Photo: Kayla Rubenstein

Remembering the Holocaust

in News by

In the midst of World War II, a mass genocide, known as the Holocaust, took place. The lives of millions and millions of innocent people, children and adults, were destroyed through senseless violence orchestrated by Nazi Germany. Their primary goal was to achieve racial “purity” by eradicating anyone not of the Aryan “master race.” The total number of documented casualties surpasses 10 million, but it is estimated that Jews comprised at least half of this figure.

Tikkun Olam co-presidents, Sofia Wagner and Mikhal Ben-Joesph, invited one of the few Holocaust survivors remaining, Simon Chevlin, to share his experience of the Holocaust.

“[Chevlin] never went through a concentration camp, but he did face many hardships during the war,” Wagner said. “He was only 11 when the war broke out, and he lived in a ghetto as well as in the woods. He struggled for many months with little food or water [and] escaped to America [where he] now shares his many stories of running from the Nazis.”

Depressing stories such as Chevlin’s are important to hear not just because we should feel sorry for what they have gone through, but also to prevent our forgetting what was done to millions of innocent people. For this reason, Tikkun Olam has invited Holocaust survivors to share their stories the past eight years.

“We feel it is important for Holocaust speakers such as [Chevlin] to continue to share stories at schools because they lived through an important part of history,” Wagner said. “They have firsthand experience of what we learn about in textbooks, and their stories help us gain a better understanding of it. It’s from their unique perspectives that we, as students, can learn from history and make sure that we don’t allow it to repeat itself.”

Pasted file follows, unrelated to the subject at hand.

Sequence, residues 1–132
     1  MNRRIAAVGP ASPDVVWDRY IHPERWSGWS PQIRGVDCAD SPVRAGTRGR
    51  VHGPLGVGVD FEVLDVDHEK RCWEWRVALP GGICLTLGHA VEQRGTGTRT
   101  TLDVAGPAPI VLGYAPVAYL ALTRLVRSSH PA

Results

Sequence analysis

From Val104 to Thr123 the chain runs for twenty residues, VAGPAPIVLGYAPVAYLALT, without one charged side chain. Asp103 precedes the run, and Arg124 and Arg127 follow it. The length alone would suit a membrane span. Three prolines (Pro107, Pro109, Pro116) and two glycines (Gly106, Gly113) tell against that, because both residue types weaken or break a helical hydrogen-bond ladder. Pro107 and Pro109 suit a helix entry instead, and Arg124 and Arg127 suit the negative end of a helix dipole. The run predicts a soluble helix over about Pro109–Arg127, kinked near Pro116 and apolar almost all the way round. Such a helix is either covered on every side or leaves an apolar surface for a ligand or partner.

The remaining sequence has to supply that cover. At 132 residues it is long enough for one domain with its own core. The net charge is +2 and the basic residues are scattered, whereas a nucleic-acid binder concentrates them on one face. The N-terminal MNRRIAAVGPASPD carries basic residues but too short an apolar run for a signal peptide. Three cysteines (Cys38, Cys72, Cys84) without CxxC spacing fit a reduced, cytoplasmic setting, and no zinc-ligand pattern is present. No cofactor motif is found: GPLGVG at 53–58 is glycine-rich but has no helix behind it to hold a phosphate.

After Chevlin’s appearance Friday, his message seemed to be coming through loud and clear. “It is important Holocaust survivors continue to share their stories,” Freshman Elliot Starkman said. “There are so few [survivors] left, and their stories need to be told so that a tragic incident like the Holocaust never happens again. It is important that their story is not forgotten so that future generations understand the horrific events that occurred.”

For Starkman, Chevlin’s story hits especially close to home as his great-grandfather was one of the survivors, but died four years ago. “The fact that he was able to endure such hardships throughout his time, serves as a major inspiration to me to this day,” he said.

Although the stories may be difficult to hear, Friday, Jan 26 served as a wake up call to all attendees. Soon, there will no longer be any survivors left, and it is up to younger generations to continue telling their stories. If the few survivors left such as Simon Chevlin continue to spread their stories and we, students, continue to listen, remember and pass them forward, then the approximate 10 million victims will not have died in vain, but instead pave a pathway to ensure safety for future generations.

Sammy is a sophomore at American Heritage School in Plantation, Fla. and is entering his second year writing for the newsmagazine. Outside of composing various articles, Sammy works as the presentation coordinator for Black, Gold and Green and volunteers at numerous community service projects such as the David Posnack JCC. As a die-hard Miami Heat and Dolphins fan, he loves tuning in to/attending any game he can in addition to playing both sports in his free time.

Leave a Reply

Your email address will not be published.